ptalnins a request that the terms of
Lthe convention be withheld until the
two governments agreed to promul
gate them. .
"It is hard for me to believe," said
Senator Stone, "that any senator
would give this treaty t othe public
Under the circumstances. Everv ann.
ator has a right to a copy and to go to
the executive clerk and get it. If
any senator did he knows where it, has
cone. It he estxised it to the nuhiin
he did a dishonorable act and should
oe disciplined. .,
Senator Stone declared he thought
the body of the correspondents in the
Senate press gallery would not resort
to dishonorable methods in , the ac
quisition of news. .
"I have no criticism of the corres
pondents," he continued, "but when a
great newspaper comes into posses
sion of a confidential communication
of this kind sent bti the TirAntdnnt tn
the Senate and prints It to the detri
ment of public Interest it is an entire
ly) different . matter. Every senator
and every patriotic American can
have but one opinion of such action."
ENCOUNTERED A STRIKE
A gentleman coming in on the
morning train from Mt. Airy reported
that the delegation leaving here
Wednesday afternoon for Hlllsvllle,
Va., to attend the good roads rally,
encountered a strike In the "Granite
City" upon their arrival there. It
appears that the girl waitresses em
ployed at the Blue Ridge Inn stopped
work as a result of differences arising
"with the management It was at a late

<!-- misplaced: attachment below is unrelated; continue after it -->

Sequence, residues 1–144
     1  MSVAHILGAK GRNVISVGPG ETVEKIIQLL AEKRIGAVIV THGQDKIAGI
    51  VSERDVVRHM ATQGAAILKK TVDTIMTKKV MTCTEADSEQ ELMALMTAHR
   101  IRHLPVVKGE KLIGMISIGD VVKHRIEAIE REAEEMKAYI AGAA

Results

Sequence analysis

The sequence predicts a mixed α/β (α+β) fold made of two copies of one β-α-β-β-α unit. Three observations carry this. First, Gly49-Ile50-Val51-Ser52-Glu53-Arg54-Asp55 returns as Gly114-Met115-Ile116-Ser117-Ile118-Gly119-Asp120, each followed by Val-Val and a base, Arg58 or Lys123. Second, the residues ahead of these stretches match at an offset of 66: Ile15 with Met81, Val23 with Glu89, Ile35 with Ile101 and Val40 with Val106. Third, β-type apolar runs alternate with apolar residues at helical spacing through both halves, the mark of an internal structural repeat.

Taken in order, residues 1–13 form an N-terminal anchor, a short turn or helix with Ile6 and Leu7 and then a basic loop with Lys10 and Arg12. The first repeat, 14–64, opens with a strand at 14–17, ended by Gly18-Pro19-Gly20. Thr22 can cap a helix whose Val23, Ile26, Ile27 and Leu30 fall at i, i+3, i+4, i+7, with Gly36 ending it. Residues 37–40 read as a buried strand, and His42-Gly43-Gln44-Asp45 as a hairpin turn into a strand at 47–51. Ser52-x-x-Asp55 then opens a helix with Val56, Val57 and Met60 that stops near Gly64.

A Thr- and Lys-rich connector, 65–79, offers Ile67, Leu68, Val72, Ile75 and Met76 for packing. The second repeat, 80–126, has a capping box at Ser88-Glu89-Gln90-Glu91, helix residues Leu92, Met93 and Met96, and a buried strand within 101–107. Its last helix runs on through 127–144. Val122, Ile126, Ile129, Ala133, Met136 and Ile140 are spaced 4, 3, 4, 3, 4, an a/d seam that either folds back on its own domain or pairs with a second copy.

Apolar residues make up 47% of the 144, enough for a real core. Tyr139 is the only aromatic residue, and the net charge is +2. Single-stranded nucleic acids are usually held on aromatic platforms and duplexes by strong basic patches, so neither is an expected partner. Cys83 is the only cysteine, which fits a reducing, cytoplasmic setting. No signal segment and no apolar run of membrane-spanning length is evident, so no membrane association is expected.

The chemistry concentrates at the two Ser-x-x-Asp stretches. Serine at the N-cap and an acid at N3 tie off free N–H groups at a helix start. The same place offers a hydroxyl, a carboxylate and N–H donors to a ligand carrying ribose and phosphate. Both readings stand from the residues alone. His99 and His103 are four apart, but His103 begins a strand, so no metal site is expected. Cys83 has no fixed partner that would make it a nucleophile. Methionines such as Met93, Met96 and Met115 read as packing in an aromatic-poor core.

hour that supper was served to the
The gentleman reporting the above
story also stated that before leaving
Mt. Airy this morning a mule team
ran away and broke the njgro driver's
He also learned that a Miss Patter
son died suddenly at her home in the
"Granite City" early this morning.
The Winston-Salem delegation to
Killsville was composed of Messrs. P.
A. Gorrell J. K. Norfleet, J. T. Simp
son, Joe Glenn, George C. Tudor and
P. B. Abbott.
ELECT NEW KEEPER OF
STOKES COUNTY HOME.
At the meeting of the Stokes county
commissioners this week Mr. Jerry P.
Smith, of Walnut Cove, was appointed
keeper of the county homo to succeed
Mr B, L Coleman, the present incum
bent. Mr. Smith's term will begin De
cember 1. " .
twi ...i.iiinncrii nrdered that tne
1 XIO .
ground around the new building at the
. . I. m a m anil ft rl-
county Home do sown m 6'" , .
, ' , .) .nH that the Old
erwise iuijuu". , .
buildings there be sold and removed
from the premises.
WARSHIPS WILL HAVE
- ANTI-AIRCRAFT GUNS.
New York, Aus- 10. The bat
tleship Nevada will be equipped
with four anti-aircraft guns. The
Pennsylvania will also carry
four of these guns, and tt I. stat
ed that other large warships of
W Atlantic fleet will mount
n. Oklahoma la
these fl"n- ' 7 " i i. the
. now the only such v s el in the
f AV cau'hTavy DAMAGE
Berlin, (via '.i10
' Heavy damage euTalrehl
PK iTO iSSS Taesda,
night! W the official statement of
thfwar office, issued today.
PLUNGES FROM TOWER
TO CROWDED STREET
to death today iu"' Wen.
EAF MARKET SEP
STATE TROOPS IN
WiU Probably Be With Georgia
and South Carolina Men in
El Paso District.
Camp Glenn, Morehead City.. Aug
10. Two more married men were dls
charged today, Privates Logan and
Harper. The department is - not let
ting out any non-commissioned offi
cers on account of marriage, only pri